Shorten the Names of Variables

When a survey analyst sits down to corral and curry the data from a survey, one of the first steps would typically be to rename some or all of the variables. You do that so that they are intelligible and so that they are short. Assuming you use the variable in your code or graphics, you want it to be called “Title”, not “Please pick from the drop-down below the title that is most equivalent to yours.” Not only is it verbose, it has empty spaces, which give software conniptions.

It is possible that your hosting software allows you to append a short name for a variable, which means you can export the data with the variables already renames in good form. It is much easier to remember one-word variables (never abstracts, like “x” or “var1”!), not to mention type them more easily and repeatedly. For example, in the R programming language, in order to slice out only a certain title, you might write “subset(data = surveydata, Title == “Chief Financial Officer”). It’s obvious that renaming the long variable name to the short version, “Title,” helps your productivity.

Shorter variables also make graphs and tables (such as cross tabs) easier to construct and to read. Long variables cause long column labels, for example. Or legends on plots look ungainly if you don’t pare down the variables that comprise it. Think ahead to all the places where the variable might appear, and you will appreciate and take the time to create a truncated form.

As with many steps in programming, be consistent and follow a similar format, e.g., wherever your survey collects write-in comments, rename the variable, perhaps “variableComments.” As another example, you might adopt a style of “variable_Title” or a pattern of camel case like “VariableTitle”. When you adhere to a style, it makes global searching and replacing easier and less error prone.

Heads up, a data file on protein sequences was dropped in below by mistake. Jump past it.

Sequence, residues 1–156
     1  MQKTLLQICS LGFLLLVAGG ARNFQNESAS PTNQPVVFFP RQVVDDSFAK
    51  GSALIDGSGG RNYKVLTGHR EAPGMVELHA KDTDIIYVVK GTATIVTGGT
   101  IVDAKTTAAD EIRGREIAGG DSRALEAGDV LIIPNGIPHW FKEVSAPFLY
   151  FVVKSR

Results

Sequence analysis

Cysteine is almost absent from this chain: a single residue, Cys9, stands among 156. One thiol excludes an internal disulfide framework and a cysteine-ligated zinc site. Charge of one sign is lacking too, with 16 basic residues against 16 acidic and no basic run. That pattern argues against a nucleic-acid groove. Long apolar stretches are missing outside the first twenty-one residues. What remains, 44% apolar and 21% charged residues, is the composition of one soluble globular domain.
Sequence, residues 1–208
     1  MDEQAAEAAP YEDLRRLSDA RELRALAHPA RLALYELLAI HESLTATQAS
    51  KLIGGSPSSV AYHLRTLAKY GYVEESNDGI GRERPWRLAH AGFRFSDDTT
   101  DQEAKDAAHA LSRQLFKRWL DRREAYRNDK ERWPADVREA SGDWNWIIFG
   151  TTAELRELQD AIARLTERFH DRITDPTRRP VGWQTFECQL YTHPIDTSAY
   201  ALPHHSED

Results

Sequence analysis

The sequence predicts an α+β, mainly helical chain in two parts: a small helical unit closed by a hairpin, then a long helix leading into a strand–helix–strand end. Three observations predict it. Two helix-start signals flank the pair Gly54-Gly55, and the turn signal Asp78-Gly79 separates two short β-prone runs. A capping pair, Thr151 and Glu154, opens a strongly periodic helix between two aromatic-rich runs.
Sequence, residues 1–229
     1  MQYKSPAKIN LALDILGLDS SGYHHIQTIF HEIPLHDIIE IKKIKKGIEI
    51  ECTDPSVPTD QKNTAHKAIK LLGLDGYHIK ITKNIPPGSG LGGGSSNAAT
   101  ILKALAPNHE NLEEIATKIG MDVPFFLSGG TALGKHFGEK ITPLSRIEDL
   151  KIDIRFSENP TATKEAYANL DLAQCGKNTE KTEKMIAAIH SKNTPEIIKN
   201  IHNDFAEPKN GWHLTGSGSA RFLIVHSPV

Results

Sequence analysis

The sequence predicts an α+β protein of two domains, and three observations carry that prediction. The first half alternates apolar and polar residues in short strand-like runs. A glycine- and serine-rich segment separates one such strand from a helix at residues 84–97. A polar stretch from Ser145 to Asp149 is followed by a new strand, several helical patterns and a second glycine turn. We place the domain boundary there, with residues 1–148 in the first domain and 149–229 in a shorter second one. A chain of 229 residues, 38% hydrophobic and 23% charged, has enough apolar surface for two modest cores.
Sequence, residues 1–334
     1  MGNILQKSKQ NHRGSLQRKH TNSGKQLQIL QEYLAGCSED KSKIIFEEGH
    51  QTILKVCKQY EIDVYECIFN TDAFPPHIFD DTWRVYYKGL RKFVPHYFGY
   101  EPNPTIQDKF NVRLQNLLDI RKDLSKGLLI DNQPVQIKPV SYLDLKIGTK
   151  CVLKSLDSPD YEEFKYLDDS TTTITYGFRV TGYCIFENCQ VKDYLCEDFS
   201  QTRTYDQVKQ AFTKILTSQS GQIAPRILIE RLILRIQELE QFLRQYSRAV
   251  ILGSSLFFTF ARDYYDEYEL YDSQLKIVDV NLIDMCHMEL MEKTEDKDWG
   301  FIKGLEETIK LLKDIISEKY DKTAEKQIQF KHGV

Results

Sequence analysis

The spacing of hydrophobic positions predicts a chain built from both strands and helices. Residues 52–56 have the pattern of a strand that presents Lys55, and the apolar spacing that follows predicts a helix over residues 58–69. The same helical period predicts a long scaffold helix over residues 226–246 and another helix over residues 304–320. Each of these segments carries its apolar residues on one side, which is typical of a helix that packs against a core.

Once I have downloaded survey data from my hosting software site, my practice is to work my way through the variables in order, renaming them in script chunks so I can check and confirm that I am correctly naming everything. It is slow work but needs to be done and done accurately. By the way, as I do that, I make sure that numeric variables are treated as numbers and that factor variables are indeed factors.

The R language, and probably Python and other open-source scripting/programming tools, have functions that help you rename variables consistently with adherence to a solid, consistent style. R even has a names() function in the janitor package that will do the heavy lifting for you.

Having renamed variables, the analyst must be careful if variations of the survey are then fielded. The order of the variables may change, or one or more questions may have been deleted or added. You can’t unthinkingly rely on or copy and paste the renaming code from the script for the prior version of the survey.

Good hygiene exercised on your survey data – including standardizing and simplifying the names of variables – takes time, but rewards the analyst multiply down the road.